This thread (at this forum) may provide some information that you are asking about here.
I posted in post #7 in the thread.
I read that link you provided several months ago, interesting article.
From what I've read here and elsewhere, most malicious intrusions won't survive a format and OS reinstall.
However, I'd recommend going further than a format and reinstall since there are some types of malware that will survive a high-level ("quick") format of the HDD.
I read elsewhere in this forum where one member had been affected by a "Cryptolocker" variant. He formatted and reinstalled Windows (7, if I recall), and reloaded all of his programs/apps, customized his Windows environments, etc. When he tried to use his PC the next morning, the Cryptolocker ransom screen had reappeared on his PC.
He then deleted the partitions on the affected HDD, then reinstalled the OS. From reading that member's posts, that appeared to remove the malicious content.
One can boot from one of the various HDD/partition tools on bootable media, such as "Gparted", "Partition Wizard", etc. Then you can delete the partitions on the HDD before reinstalling the OS.
I like to use the "Diskpart" utility that's accescable either from the CMD prompt within Windows, or from a Windows System Repair Disc which has several menu options, one of which is accessing the CMD prompt.
Within CMD, you can run the DIskpart utility and then use the "clean" command which marks all content for deletion, including hidden partitions on an MBR disc. The command renders the HDD as "unallocated" so it will be ready to be restored with an Image or re-cloned from a known good spare HDD.
Also available is the "clean all" command, which is a one-pass secure erase command, writing 1/0's to the HDD.
Regarding BIOS/firmware/MoBo intrusions, from all that I've read here and elsewhere, the chances of being affected in those areas of Windows PC's are rare.
In the thread link provided at the beginning of this post, there are some steps that could be done if one's PC was affected by a rare occurrence within those areas of the PC or Router.
I'm not familiar with Routers but the first thing I'd do if I suspected a Router being compromised, would be to power it down for a period of time, then do a Reset, usually done with a paper clip used to push a Reset button, etc, once the Router is powered back up.
BIOS intrusions, I'd try the steps mentioned in that linked thread. Some MoBo's have a "write protect" jumper that prohibits access to the BIOS IC. My ASUS MoBo doesn't have that jumper but my BIOS IC is socketed so it can be easily removed and replaced.
There are online BIOS IC stores that sell BIOS IC's flashed with the MoBo's BIOS version of choice before shipping to the customer.
The CMOS IC (on the MoBo) can be cleared/reset by removing the battery on the MoBo.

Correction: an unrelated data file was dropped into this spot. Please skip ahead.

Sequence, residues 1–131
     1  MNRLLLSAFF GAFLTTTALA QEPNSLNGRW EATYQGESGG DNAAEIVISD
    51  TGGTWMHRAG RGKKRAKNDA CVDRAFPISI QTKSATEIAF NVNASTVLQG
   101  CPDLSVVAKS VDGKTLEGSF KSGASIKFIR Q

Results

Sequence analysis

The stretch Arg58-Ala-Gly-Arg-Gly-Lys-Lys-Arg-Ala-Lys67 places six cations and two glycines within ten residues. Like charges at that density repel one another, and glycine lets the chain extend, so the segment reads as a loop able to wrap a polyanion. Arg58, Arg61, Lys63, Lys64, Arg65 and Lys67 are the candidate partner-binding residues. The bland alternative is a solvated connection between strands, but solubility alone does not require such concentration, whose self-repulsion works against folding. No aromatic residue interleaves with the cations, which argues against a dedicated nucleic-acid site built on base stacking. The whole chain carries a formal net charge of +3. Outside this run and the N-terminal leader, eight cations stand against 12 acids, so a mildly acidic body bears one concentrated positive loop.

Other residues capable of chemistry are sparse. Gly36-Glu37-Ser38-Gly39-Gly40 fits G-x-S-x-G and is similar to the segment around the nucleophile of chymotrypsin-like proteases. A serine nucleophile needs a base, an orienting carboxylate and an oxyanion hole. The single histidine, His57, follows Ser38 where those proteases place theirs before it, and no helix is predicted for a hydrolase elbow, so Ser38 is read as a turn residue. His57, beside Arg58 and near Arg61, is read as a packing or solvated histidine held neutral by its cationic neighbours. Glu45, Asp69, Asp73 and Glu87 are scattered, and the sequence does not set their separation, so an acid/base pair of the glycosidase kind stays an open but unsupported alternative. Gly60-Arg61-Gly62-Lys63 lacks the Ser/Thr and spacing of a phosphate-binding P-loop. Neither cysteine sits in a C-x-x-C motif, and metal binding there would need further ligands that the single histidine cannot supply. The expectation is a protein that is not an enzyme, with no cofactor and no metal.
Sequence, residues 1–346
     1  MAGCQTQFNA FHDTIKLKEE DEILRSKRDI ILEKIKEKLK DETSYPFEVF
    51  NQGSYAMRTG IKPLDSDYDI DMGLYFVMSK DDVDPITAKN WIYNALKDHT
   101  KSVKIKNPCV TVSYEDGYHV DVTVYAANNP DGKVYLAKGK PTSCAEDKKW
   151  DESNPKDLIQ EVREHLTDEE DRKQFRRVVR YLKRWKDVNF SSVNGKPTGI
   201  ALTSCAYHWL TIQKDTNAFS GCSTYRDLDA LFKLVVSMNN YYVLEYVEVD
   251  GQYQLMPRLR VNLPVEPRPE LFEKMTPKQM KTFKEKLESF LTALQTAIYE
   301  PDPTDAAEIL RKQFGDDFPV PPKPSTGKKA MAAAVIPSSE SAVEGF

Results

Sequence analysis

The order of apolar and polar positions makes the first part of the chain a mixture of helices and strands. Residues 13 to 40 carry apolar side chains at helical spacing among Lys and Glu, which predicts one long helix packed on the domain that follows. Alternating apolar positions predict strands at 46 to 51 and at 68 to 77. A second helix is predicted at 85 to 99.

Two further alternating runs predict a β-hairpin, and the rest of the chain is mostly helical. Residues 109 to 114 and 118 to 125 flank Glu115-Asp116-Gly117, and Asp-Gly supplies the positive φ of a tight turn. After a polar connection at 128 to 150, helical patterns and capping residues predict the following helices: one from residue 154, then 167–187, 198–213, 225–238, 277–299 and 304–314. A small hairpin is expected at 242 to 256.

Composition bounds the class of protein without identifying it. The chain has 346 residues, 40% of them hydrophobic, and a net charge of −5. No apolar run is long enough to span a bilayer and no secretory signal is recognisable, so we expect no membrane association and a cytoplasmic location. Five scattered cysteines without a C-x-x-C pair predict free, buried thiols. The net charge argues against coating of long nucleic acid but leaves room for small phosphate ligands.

It's possible for the PC's GPU BIOS or Optical Drive firmware to be affected, I suppose. However, these possibilities appear to be rare, if not exceptionally rare occurrences with PC's.
The best advice I can offer with this topic is to maintain multiple versions of one's complete HDD, via Imaging or periodic cloning.
I clone my Desktop PC every 2 weeks in addition to running occasional full-HDD Images.
My cloned HDD and my Image storage HDD are disconnected from the PC except during cloning/imaging processing.
If one has multiple HDD backup versions available, that provides a fast recovery method from almost any undesirable scenario, including virtually all malicious incidences, HDD failures, bad downloads, or user mistakes.
I've been affected by a couple of malicious intrusions over the years. In both cases, I deleted the partitions on my affected HDD, then cloned back to the same HDD using my cloned backup HDD from my shelf.
The first thing I did, when I was hit by malware, was to install my spare cloned HDD and booted up on it to insure the that malicious item[s] were confined to the HDD. From what I've read over that last couple of years about the subject, this will be the case with virtually all malicious objects.
Once the PC is running normally, then one can decide on the method of sanitizing the affected HDD.
If a rare occurrence had occurred, and my PC still had a malicious presence after installing my cloned HDD (or after restoring the affected HDD with a full-HDD Image), I'd look at the MoBo next, ie BIOS/CMOS reset.
It may also be possible that a malicious item could remain present in the RAM sticks for a short period of time, after shutting down the PC.
I'd most likely shut down the PC, disconnect the rear AC power, then press the front panel Power button and leave it pressed for a minute or so, to discharge residual voltages from the PC (ie MoBo/RAM sticks, etc).
The thing that's most important, to me, with these scenarios, is to have redundant full HDD backups available. That will allow flexibility when going thru various steps of malware removal from the PC.